Got placed in the Gmail promo tab? You're not alone.

Apparently it happens to Seth Godin, too (click here).

He's got a fix for it, see, but those big meanies at Google won't let him implement it. He's even encouraging you to yell at Google on his behalf. (It turns out, Google is a bit shy about letting third parties have access to fiddle with your Gmail inbox settings. Can't say I blame them for that.)

You could sign the petition. Or you could not bother. Me, I'm not going to bother. Google is probably deaf to policy complaints like this -- or at the very least, Seth has a tall mountain to climb. Instead, consider that Google already has two ways that you can address issues with promotional tab placement -- and neither of them involve a third-party petition.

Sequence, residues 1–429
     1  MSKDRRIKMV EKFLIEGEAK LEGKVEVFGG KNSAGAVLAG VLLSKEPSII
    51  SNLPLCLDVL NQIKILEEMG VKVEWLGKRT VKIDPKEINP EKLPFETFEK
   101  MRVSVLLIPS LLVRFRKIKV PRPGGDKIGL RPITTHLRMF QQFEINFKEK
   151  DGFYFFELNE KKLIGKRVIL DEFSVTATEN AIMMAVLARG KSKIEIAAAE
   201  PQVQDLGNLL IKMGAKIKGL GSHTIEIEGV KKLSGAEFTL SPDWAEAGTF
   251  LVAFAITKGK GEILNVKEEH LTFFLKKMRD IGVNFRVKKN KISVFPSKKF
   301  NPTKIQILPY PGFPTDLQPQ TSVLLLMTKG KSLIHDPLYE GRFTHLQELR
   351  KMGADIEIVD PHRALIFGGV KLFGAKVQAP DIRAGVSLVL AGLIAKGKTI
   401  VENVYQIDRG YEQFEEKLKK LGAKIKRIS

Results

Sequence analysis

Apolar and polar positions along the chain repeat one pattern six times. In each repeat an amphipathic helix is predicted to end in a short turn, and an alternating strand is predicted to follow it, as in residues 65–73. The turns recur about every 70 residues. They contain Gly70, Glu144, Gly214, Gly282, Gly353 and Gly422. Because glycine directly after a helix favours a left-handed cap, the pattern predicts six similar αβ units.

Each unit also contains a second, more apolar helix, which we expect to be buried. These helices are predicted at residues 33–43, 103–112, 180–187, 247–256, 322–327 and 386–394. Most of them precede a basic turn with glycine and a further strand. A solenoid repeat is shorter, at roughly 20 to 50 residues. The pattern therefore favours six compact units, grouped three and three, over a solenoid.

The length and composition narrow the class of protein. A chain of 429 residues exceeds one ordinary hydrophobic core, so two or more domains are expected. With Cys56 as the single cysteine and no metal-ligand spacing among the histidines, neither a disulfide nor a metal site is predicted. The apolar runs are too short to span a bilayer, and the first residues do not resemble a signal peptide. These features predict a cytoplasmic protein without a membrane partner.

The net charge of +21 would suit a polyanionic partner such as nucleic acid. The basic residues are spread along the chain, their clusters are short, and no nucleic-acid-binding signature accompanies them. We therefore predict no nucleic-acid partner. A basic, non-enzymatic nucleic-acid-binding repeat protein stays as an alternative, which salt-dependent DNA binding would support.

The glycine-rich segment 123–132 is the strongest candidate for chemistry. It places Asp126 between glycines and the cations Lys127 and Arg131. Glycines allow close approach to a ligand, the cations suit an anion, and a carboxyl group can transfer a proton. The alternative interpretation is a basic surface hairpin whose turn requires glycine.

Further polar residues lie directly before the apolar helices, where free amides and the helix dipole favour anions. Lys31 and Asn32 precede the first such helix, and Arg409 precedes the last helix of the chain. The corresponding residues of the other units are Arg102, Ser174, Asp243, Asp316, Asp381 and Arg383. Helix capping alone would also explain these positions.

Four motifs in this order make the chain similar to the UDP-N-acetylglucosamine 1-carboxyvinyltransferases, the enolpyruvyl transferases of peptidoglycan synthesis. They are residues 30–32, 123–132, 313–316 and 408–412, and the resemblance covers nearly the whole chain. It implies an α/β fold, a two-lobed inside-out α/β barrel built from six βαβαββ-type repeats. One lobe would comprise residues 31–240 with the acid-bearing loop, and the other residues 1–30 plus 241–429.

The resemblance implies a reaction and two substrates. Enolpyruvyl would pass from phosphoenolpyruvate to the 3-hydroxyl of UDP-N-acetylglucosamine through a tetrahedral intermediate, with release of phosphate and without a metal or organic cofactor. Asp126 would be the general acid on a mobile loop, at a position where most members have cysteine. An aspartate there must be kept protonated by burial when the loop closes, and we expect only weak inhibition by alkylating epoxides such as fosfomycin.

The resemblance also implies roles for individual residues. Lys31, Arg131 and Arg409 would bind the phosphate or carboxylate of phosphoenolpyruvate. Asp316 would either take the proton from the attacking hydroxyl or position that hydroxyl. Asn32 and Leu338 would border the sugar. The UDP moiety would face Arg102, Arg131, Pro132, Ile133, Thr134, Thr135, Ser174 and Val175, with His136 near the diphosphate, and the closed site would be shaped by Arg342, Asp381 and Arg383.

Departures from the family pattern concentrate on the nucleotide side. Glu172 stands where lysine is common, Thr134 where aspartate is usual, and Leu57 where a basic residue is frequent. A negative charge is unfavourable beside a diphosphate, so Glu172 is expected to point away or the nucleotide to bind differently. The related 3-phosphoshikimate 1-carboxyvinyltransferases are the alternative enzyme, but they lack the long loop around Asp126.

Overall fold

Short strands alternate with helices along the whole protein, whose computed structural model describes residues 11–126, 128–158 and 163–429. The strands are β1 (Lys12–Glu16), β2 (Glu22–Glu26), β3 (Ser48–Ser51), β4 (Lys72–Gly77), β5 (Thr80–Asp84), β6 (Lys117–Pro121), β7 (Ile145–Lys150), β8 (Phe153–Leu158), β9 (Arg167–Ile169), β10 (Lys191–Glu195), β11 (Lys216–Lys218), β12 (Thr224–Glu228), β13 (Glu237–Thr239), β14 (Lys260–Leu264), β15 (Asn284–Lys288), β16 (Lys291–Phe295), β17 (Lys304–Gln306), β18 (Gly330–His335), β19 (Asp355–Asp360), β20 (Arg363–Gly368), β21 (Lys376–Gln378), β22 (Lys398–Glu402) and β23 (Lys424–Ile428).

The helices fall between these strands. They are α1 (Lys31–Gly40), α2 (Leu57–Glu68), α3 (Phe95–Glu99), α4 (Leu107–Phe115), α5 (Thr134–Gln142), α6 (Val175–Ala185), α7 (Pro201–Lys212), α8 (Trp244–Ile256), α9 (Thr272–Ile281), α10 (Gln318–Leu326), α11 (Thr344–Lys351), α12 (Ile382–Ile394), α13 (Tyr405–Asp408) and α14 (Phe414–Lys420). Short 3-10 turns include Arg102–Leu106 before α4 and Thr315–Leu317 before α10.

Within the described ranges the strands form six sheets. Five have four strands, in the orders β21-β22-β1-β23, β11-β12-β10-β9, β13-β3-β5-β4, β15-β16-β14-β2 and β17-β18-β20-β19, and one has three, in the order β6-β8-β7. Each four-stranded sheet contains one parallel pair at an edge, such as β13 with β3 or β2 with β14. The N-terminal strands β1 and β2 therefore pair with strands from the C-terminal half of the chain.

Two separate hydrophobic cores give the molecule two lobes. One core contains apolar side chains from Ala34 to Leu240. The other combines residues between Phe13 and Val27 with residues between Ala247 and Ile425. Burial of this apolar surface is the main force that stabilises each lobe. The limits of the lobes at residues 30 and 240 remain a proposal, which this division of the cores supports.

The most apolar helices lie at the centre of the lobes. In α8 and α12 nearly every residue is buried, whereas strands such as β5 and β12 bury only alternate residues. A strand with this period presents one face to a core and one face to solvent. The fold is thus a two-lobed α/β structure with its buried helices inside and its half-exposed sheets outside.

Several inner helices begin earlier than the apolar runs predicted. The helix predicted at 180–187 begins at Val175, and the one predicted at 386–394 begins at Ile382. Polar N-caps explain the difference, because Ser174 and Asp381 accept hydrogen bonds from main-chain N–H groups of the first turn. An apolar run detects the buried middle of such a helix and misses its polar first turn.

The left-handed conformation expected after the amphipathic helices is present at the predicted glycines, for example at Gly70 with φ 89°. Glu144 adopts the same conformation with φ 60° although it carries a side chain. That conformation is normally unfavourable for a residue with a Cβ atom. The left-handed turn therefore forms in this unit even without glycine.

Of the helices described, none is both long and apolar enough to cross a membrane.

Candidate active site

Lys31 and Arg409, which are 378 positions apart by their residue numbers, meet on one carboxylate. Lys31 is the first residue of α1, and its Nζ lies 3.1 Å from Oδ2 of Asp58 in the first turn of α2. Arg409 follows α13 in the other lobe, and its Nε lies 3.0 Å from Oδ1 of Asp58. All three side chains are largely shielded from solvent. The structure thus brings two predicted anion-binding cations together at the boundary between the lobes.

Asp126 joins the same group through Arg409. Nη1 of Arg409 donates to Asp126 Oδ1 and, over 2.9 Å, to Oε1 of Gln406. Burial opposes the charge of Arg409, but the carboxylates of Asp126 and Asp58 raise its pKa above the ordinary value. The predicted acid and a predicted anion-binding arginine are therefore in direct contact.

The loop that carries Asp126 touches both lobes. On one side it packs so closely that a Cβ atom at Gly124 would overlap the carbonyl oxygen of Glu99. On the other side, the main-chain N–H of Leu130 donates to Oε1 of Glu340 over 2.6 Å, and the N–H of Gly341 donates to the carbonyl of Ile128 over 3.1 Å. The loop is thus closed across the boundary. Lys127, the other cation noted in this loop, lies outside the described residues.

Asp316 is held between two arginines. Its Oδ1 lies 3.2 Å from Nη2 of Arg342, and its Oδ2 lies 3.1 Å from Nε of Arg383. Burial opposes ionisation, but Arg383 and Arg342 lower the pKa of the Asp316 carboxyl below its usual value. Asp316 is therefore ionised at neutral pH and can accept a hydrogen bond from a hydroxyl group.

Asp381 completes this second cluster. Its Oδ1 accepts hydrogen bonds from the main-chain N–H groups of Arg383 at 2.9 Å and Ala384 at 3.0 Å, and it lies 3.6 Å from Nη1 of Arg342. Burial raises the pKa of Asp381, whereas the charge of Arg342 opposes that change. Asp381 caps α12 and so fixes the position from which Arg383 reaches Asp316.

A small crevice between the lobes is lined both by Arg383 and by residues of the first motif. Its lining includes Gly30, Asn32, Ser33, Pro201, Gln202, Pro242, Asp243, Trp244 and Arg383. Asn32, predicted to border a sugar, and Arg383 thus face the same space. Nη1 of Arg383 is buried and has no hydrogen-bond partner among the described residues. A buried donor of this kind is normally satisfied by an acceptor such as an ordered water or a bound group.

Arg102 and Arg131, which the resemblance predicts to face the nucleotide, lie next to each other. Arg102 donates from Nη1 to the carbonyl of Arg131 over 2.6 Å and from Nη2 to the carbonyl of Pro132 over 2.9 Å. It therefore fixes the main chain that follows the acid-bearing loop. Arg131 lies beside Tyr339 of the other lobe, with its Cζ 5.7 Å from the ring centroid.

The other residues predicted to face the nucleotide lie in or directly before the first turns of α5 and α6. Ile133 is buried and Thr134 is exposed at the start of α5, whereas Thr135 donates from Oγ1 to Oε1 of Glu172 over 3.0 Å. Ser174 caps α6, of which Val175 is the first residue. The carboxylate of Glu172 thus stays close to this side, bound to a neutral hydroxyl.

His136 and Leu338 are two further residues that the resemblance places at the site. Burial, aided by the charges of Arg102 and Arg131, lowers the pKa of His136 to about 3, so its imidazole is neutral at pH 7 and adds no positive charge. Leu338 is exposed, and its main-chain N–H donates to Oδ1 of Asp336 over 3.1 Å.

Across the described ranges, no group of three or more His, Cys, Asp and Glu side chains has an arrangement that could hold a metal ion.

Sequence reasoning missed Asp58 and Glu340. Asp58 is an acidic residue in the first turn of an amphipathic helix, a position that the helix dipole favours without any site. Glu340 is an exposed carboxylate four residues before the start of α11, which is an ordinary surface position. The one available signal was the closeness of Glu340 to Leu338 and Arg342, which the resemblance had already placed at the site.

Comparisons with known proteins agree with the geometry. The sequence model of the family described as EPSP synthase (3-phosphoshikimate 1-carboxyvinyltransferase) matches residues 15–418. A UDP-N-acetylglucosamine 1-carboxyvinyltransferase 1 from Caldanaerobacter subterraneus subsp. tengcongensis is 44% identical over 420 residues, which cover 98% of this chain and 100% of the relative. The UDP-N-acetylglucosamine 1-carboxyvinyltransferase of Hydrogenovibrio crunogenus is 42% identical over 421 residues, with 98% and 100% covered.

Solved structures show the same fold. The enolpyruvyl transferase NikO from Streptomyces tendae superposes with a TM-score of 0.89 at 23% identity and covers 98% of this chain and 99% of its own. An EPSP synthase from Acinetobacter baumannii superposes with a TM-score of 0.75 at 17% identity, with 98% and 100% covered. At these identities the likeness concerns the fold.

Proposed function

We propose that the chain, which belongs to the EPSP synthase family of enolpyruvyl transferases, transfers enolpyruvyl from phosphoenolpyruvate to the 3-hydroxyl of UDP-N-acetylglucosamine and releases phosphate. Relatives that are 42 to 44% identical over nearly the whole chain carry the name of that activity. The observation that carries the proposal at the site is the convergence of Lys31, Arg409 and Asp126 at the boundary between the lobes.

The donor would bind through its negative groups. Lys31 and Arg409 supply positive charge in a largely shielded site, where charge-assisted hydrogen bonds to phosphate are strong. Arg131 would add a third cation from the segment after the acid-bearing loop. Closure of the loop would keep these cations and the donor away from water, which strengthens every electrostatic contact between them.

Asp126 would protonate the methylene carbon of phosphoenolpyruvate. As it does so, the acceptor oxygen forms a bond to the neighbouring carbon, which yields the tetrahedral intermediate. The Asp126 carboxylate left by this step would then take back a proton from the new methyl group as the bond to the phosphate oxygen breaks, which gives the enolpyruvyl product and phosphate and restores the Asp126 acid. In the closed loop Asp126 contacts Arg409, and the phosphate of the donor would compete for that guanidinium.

1. Take that individual message that you think belongs in "primary" and move it there. If enough people do that, Google will re-think where it places same and similar messages in the future. This process already exists to provide feedback to Google, direct input into the algorithm.
  2. Disable tabs, if you don't like the tab decisions Google is making with regard to your Gmail inbox. (Options: Configure Inbox: Turn off all checkboxes except Primary.) Gmail works just fine without 'em, I know from personal experience.